From the Whiskey Gulch in East Palo Alto to the Stockton Strip in San Jose, the gay community was widespread in Silicon Valley. Whayne Herriford describes community life and the bars and clubs that the gay community coalesced around.
In the 1980s, even liberal Silicon Valley cities voted against LGBTQ+ rights.
In the mid-1970s, being openly gay often meant facing prejudices in facets of everyday life, from housing to employment. A handful of cities and counties began granting protections against discrimination based on sexual orientation, in the absence of any state or federal laws. Regrettably, passage of those ordinances in places like Miami, Florida in Dade County created a backlash, leading to the rise of the Moral Majority, a conservative religious political organization, and setbacks for the emerging gay rights movement.
This is exactly what happened in Santa Clara County in June 1980, when Measure A, a countywide ordinance, and San Jose’s Measure B each failed by a three to one margin. The defeats sent a chill through the local LGBTQ+ community: Voters overwhelmingly said that LGBTQ+ residents should not have any legal protections whatsoever.
The only bright spot was Palo Alto, whose residents nearly passed the initiative—49% to 51%, compared to 30% to 70% elsewhere. Activists concluded a better approach would be to try to pass ordinances in liberal cities, thus turning the tide against the religious right.
A local group called the Palo Alto Coalition for Equal Rights (PACER) began the process in 1980 to get the city council to enact anti-discrimination policies. First, they brought it before the Palo Alto Human Rights Commission, which recommended the city council place it on the November 3, 1981 ballot. The city council agreed in a 6-3 vote.
According to a July 17, 1981 Stanford Daily article, the dissenting votes came from councilmembers Gary Fazzino, Fred Eyerly, and Anne Witherspoon.
Eyerly and Witherspoon claimed there was no compelling need for such a law in Palo Alto, the Daily later reported in October, citing that “only 100 gay individuals reported experiences of discrimination in Palo Alto, a city of 56,000 with an employment base of 100,000.”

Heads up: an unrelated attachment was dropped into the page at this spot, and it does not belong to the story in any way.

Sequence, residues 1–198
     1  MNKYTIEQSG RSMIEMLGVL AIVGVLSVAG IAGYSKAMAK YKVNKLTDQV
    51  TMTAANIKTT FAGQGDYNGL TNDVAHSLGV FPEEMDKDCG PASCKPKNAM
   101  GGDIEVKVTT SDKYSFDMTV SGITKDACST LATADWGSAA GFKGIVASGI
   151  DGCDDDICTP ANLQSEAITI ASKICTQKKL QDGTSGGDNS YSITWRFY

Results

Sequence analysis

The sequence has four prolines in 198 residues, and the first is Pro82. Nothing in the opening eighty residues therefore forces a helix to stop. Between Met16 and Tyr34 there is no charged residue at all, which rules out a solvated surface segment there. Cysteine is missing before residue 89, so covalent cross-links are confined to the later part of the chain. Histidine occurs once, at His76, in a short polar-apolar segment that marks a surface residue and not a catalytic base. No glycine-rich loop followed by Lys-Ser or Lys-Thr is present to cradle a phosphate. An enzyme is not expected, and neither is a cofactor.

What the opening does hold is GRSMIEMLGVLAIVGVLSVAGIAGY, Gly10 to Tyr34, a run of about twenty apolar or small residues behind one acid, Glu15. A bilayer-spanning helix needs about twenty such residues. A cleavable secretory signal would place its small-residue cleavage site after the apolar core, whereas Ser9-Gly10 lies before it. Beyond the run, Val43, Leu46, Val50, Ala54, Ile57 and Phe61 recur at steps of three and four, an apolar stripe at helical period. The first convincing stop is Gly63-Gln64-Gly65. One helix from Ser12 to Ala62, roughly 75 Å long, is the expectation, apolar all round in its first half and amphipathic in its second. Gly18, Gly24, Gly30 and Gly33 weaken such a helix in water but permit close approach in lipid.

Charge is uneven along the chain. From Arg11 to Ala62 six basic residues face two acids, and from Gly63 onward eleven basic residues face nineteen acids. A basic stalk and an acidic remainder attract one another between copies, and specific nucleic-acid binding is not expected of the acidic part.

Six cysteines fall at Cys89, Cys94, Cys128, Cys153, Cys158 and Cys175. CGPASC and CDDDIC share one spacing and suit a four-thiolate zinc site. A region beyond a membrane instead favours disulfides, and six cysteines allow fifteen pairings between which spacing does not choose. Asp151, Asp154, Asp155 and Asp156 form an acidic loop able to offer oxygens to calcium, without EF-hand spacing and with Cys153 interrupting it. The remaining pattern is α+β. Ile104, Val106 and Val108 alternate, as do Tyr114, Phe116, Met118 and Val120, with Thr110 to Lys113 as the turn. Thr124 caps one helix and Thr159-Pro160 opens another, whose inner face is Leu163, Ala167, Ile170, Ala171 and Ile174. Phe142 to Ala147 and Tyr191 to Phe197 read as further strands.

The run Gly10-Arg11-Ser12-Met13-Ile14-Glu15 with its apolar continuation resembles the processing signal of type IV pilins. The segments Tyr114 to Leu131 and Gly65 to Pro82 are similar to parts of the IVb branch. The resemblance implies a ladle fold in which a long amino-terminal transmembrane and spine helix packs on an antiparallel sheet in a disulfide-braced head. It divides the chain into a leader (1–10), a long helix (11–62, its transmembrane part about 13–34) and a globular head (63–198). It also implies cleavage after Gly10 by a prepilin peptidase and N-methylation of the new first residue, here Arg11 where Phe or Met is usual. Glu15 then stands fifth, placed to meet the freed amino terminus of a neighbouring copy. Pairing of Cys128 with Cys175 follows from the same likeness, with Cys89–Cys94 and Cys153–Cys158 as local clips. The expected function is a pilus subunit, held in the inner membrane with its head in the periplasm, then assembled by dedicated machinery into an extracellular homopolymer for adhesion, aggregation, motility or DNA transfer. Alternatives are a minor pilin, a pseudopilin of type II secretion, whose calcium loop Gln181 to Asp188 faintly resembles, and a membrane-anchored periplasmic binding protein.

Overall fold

“I think it’s a lot more widespread than the 100 who reported it,” said Rhio Hiersch, a spokesperson at the time for Stanford’s Gay People’s Union. “You have to consider gay people who don’t want to go public what the fact that they’ve had trouble because they’re gay. There are a lot of people who are undoubtedly not reporting their problems.”
The Daily also reported “Witherspoon pointed out that considerable hardship could be experienced by anyone accused of discrimination and sued for damages,” as well as shredded the proposal was “very nebulous.”
“A person could be trapped by the terms of the ordinance into an unintentional and unknowing discrimination,” she said. “Each judgement on discrimination would be very subjective. It is a very bad law that allows a person to be taken to court for discrimination when he did not intend to discriminate.”
This is what is known as a “legislative initiative.” Unlike a “voter initiative,” which gathers signatures to successfully put an ordinance on the ballot, legislative initiatives are put before the voters by the governing body. According to San Jose State University Professor Terry Christensen, this usually happens when the members don’t want to approve something outright but are willing to move the legislation along.
As gay leaders found with Measures A and B, opponents were able to organize people to attend public hearings and then to collect signatures to prevent legislation from becoming law, months before the actual campaign even began. The LGBTQ+ community had been out maneuvered and out organized.